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Mary A. Nelson Rogers v. Fdic As Receiver For Downey Savings and Loan

IN THE UNITED STATES DISTRICT COURT FOR THE EASTERN DISTRICT OF CALIFORNIA


August 4, 2011

MARY A. NELSON ROGERS, PLAINTIFF,
v.
FDIC AS RECEIVER FOR DOWNEY SAVINGS AND LOAN, ET AL.,
DEFENDANTS.

The opinion of the court was delivered by: Gregory G. Hollows United States Magistrate Judge

ORDER and FINDINGS AND RECOMMENDATIONS

Defendants' motion to declare plaintiff a vexatious litigant and for pre-filing order presently is calendared for hearing on August 11, 2011. Having reviewed the record, the court has determined that oral argument would not be of material assistance in determining the pending motion. Accordingly, the court will not entertain oral argument, and will determine the motion on the record, including the briefing in support of and in opposition to the pending motion. See E.D. Cal. L.R. 230(g).

Defendants seek an order preventing plaintiff from further advocating the issue of fiduciary duty owed by defense counsel to her, before this court or any other governmental entity (an issue pending before the district judge on Findings and Recommendations).

When a person has been a successive filer, either raising the same argument over and over again, or otherwise simply bringing numerous frivolous suits on a myriad of issues, federal courts may declare a litigant vexatious, and impose filing restrictions. See De Long v. Hennessey, 912 F.2d 1144 (9th Cir. 1990); Wood v. Santa Barbara Chamber of Commerce, 705 F.2d 1515 (9th Cir. 1983). However, orders imposing filing restrictions should be rarely used. DeLong, 912 F.2d at1147.

Defendants have made insufficient record of a number of seriatim filings or motions containing frivolous arguments which could permit such a restriction in this court. Moreover, this court could not restrain plaintiff from making a particular argument in the Ninth Circuit in this case in that she has apparently never raised the issue before in a previous litigation. District courts restraining what they perceive as frivolous arguments to be made in a court of appeal engage in an unseemly exercise of lower court authority--especially if the argument is first made in a case which has not yet gone to appeal. While defendant's invitation may be appealing for some cases, the impulse to accept must be denied. If the rule were otherwise, lower court judges could insulate their decisions from review by way of enjoining "frivolous arguments" in the Court of Appeal.*fn1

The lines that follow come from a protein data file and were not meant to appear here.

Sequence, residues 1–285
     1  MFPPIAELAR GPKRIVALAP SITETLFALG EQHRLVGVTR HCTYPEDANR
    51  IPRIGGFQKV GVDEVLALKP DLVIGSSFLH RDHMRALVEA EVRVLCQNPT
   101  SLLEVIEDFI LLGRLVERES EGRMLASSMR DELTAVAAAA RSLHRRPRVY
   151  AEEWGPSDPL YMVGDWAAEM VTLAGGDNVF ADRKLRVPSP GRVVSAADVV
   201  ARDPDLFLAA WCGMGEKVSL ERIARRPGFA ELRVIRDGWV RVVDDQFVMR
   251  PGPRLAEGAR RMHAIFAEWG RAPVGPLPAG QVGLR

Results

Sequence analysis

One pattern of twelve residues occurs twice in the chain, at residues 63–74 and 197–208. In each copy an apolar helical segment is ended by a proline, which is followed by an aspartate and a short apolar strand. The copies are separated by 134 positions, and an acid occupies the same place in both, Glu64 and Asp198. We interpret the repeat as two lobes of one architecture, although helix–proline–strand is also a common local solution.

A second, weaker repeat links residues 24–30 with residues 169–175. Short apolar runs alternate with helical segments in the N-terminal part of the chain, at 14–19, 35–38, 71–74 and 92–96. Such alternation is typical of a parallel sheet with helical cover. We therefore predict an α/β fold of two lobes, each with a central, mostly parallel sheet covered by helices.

Finally, monetary sanctions should generally be sought as a first resort before the ultimate sanction of filing restriction, or argument restriction, is warranted. See e.g., Fed.R.Civ.P. 11; 28 U.S.C. § 1927, E.D. Cal. LR 110.

Accordingly, IT IS ORDERED that:

1. The August 11, 2011 hearing on the motion to declare plaintiff a vexatious litigant and for pre-filing order, filed July 1, 2011, is vacated from the calendar; and IT IS HEREBY RECOMMENDED:

2. Defendants' motion, (dkt. # 113), should be denied.

These findings and recommendations are submitted to the United States District Judge assigned to the case, pursuant to the provisions of 28 U.S.C. § 636(b)(l). Within twenty days after being served with these findings and recommendations, any party may file written objections with the court and serve a copy on all parties. Such a document should be captioned "Objections to Magistrate Judge's Findings and Recommendations." Any reply to the objections shall be served and filed within ten days after service of the objections. The parties are advised that failure to file objections within the specified time may waive the right to appeal the District Court's order. Martinez v. Ylst, 951 F.2d 1153 (9th Cir. 1991).


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